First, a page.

We implement this advice when we can and try to build it in to the general curriculum as it is not always possible to provide 1:1 attention for a child on a daily basis.

We know that many of the recommended exercises and outcomes from our professional teams are also supported at home by parents.

More information regarding Physical Development and Occupational Therapy skills at Acre Hall

Uniform and clothing

Although many of our children are comfortable and happy wearing the school uniform appropriate for their age, some children need adaptations. Sensory issues often mean children dislike certain aspects of uniform.

Children struggling with shirts and buttons are allowed to wear polo shirts and if a child is completely against wearing a tie, we will not enforce this. Sometimes children dislike too many layers, so we will not insist on a jumper. Conversely, some children want to remain in full uniform at all times, even when over-heating. In this instance, we do try to coax the children in to removing a tie or jumper.

We ask for black, velcro shoes if a child cannot tie laces. Independence is lost if a child cannot take off their own shoes or loosen the laces enough to get them back on. Lace up boots can cause real problems!

Some children have difficulty going to the toilet on their own, or dressing, because clothes are a little too tight and they cannot pull them up or down themselves. Please keep this in mind when shopping for uniform we are aiming for the children to be as independent as possible.

We do understand that sensory advice sometimes suggests snug clothing to relieve anxiety, so of course we will help a child if we know this to be the case.

Please do not worry if your child looks a little untidy at times, if they have managed to dress and undress independently it is often a cause for celebration.  This may happen when PE has been the last lesson of the day. Obviously we will not leave a child untidy or uncomfortable all day after a morning PE lesson.

Please understand that many children in our mainstream classes arrive home with jumpers inside out and shoes on the wrong feet. That’s primary school life!

Inclusion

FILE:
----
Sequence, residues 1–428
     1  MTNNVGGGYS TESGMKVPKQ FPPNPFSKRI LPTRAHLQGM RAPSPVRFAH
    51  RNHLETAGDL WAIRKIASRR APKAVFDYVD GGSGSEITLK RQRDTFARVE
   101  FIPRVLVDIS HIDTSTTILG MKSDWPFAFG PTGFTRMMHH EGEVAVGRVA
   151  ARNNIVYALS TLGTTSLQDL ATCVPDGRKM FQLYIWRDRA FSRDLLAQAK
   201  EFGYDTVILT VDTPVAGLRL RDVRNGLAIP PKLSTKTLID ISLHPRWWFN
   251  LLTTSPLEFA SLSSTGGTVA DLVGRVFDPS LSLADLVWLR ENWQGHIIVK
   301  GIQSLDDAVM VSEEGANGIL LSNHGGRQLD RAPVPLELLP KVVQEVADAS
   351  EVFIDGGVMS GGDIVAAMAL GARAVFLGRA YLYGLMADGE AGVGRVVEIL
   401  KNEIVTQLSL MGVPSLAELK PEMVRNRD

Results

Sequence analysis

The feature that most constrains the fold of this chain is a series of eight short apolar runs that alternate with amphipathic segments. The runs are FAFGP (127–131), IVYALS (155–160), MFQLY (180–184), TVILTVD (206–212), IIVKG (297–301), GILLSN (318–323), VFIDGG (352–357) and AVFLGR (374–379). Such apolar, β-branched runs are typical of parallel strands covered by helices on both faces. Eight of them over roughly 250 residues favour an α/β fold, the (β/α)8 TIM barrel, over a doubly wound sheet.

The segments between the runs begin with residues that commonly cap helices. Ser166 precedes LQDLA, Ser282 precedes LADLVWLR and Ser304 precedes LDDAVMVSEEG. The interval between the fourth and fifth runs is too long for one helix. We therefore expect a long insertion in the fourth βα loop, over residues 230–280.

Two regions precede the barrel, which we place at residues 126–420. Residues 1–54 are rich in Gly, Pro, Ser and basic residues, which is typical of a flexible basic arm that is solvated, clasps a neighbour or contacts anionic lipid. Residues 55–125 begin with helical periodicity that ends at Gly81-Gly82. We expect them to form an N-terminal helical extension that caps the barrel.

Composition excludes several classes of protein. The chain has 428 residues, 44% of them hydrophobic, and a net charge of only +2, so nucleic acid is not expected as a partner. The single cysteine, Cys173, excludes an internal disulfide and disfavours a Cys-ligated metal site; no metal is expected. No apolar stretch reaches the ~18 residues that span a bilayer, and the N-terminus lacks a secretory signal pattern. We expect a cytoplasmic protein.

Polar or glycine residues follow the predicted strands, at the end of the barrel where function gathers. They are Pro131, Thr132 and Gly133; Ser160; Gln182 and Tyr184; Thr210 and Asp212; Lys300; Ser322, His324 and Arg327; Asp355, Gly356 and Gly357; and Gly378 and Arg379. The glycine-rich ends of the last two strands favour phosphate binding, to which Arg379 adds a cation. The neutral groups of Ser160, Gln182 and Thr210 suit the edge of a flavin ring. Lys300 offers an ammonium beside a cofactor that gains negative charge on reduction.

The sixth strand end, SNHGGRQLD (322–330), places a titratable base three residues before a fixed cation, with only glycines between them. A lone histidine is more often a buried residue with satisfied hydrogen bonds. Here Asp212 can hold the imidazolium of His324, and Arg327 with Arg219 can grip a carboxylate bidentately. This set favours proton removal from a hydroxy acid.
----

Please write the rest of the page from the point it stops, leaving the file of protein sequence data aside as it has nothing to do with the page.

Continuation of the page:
We promote social inclusion by being actively involved in the wider school life. Our children eat together, attend assemblies together and many of our children play in the playground with other children of the same age.

Children from the SSCs can be on the school council and have also been ambassadors, Head Boy and Head Girl.

Our children take part in anything offered to the mainstream children eg choir, end of term plays, sports events, school trips, residential visits and family events like Christmas art activity mornings and Summer fairs.

Occasionally, a child may have a strength that allows them to access a mainstream classroom for a carefully chosen lesson or two eg art, maths, but on the whole, our children do not really cope with the pace or language within the mainstream classes and building self-esteem and confidence is extremely important.

We are sometimes visited by pupils from mainstream classes to join in during some less formal play sessions or sometimes as part of a structured social group to model language and interaction.

After school clubs are available from Y2 onwards if a child from a small class wishes to attend. We support with an adult where possible, if it is necessary, but hese club places are limited.

Most children eat in the large dining hall with the rest of their peers whilst being supported by a TA. It may be busy and noisy, but the children are experiencing this in a safe environment with adult support. This is one way we try to prepare our pupils for the hustle and bustle of the world.

We prefer a child to start off in the dining room, but we do have alternative rooms if a child really cannot cope due to significant sensory issues. We will try to re-introduce a child over time because the long-term aim is for your child to learn strategies to deal with events that may make them uncomfortable when out in the wider world.

Some children wear noise reduction ear defenders, others sit next to a friend or take a favourite toy or a book to read whilst eating. Fiddle toys and sensory supports such as ‘chewellery’ are also encouraged.

Toilet / personal hygiene

We never stop a child going to the toilet in lesson time, but we may ask them to wait a moment if we feel it is more about an interest in the toilets or is about avoiding learning time or tidying up.

We have hot air blowers in each toilet but they are not over sensitive and will not go off just because a child has moved near them. We also provide paper towels for the children who dislike these dryers.

Sometimes, children struggle with independent use of the toilet because they are restricted by trousers that are too tight to pull up and down. For younger pupils, we will accept smart elasticated trousers/ joggers if this is the case. Please consider this when you buy trousers or put your child in tights and leggings underneath their uniform. Going to the toilet and pulling up your own clothes may seem like a small thing, but it promotes independence and dignity for your child.

We are happy to support children in nappies and pull ups where a medical need has delayed development, but would ask that parents try to toilet train their children during holidays and weekends when a child seems ready.